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Document Type

Open Access Dissertation

Degree Name

Doctor of Education (EdD)

Degree Program

Education (also CAGS)

Year Degree Awarded

Spring 2014

First Advisor

Dr. Ximena Zúñiga

Subject Categories

Curriculum and Social Inquiry | Education | Higher Education | Student Counseling and Personnel Services


People in the United States are becoming increasingly isolated and separated, and this disconnection has been amplified by the use of new technologies in which face-to-face interactions and connection are becoming an anomaly (Putnam, 2000; Turkle, 2011). These changes are paralleled by marked racial and ethnic demographic shifts and increasing racial and economic re-segregation nationwide (Passel & Cohn, 2008). A critical challenge facing higher education is fostering educational opportunities for college students to interact, connect with, and learn from diverse peers about issues of social identity, difference, and inequality, while imagining possibilities for socially-just action (Gurin, 1999; Tatum, 2007).

This qualitative study explores the role of personal storytelling about social identity-based experiences in two undergraduate diversity courses informed by social justice education pedagogies with a focus on race/ethnicity and racism. Three bodies of literature inform this study: storytelling, social justice education, and personal storytelling in social justice education practice. Using grounded theory (Charmaz, 2006), the researcher analyzed secondary data sources from 32 participants in two undergraduate diversity courses at two Northeast universities. Study A examined final papers from a racially diverse group of 16 students in a social diversity and oppression course. Study B examined interviews with a racially diverse group of participants in two race/ethnicity intergroup dialogue courses.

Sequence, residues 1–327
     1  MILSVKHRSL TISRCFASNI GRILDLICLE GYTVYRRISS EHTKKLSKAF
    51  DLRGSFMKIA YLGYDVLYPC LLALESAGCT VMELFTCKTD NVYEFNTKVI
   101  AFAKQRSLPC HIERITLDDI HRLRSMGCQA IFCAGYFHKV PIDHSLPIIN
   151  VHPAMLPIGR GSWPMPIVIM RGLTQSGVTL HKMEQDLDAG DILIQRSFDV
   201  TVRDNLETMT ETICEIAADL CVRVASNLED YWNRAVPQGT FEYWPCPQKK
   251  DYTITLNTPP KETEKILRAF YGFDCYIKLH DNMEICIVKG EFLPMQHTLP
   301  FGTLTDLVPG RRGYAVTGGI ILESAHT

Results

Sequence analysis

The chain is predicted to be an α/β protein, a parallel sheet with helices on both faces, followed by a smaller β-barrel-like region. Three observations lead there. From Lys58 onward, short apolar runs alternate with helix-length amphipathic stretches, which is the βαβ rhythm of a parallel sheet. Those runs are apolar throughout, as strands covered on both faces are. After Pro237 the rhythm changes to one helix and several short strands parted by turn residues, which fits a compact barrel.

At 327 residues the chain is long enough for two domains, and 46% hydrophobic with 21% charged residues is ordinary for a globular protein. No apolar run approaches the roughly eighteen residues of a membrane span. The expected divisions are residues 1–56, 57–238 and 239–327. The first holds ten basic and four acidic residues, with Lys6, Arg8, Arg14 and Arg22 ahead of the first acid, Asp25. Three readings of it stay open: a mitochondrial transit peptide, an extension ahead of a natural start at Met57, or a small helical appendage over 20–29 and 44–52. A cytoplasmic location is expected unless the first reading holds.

Findings suggest that listening to personal stories about social identity-related experiences is a powerful accelerator of learning about social justice issues and demonstrates that students across identities value storytelling, describing it as engaging, enjoyable, and integral to their learning. Storytelling fosters connection among students and encourages empathy within social groups and across social group differences. Listening to stories allows students to connect to the course material cognitively and affectively and helps information become “real” to participants. This connection facilitates critical thinking and a host of learning outcomes.

Findings build on existing knowledge illustrating the benefits of diversity and intergroup dialogue courses (Bowman, 2011; Gurin, 1999; Gurin, Nagda, & Zúñiga, 2013), underscoring the value and impact of face-to-face, synchronous learning as a valid, transformative, and critical educational method in diversity courses. Additional implications, limitations, and suggestions for future research are also discussed.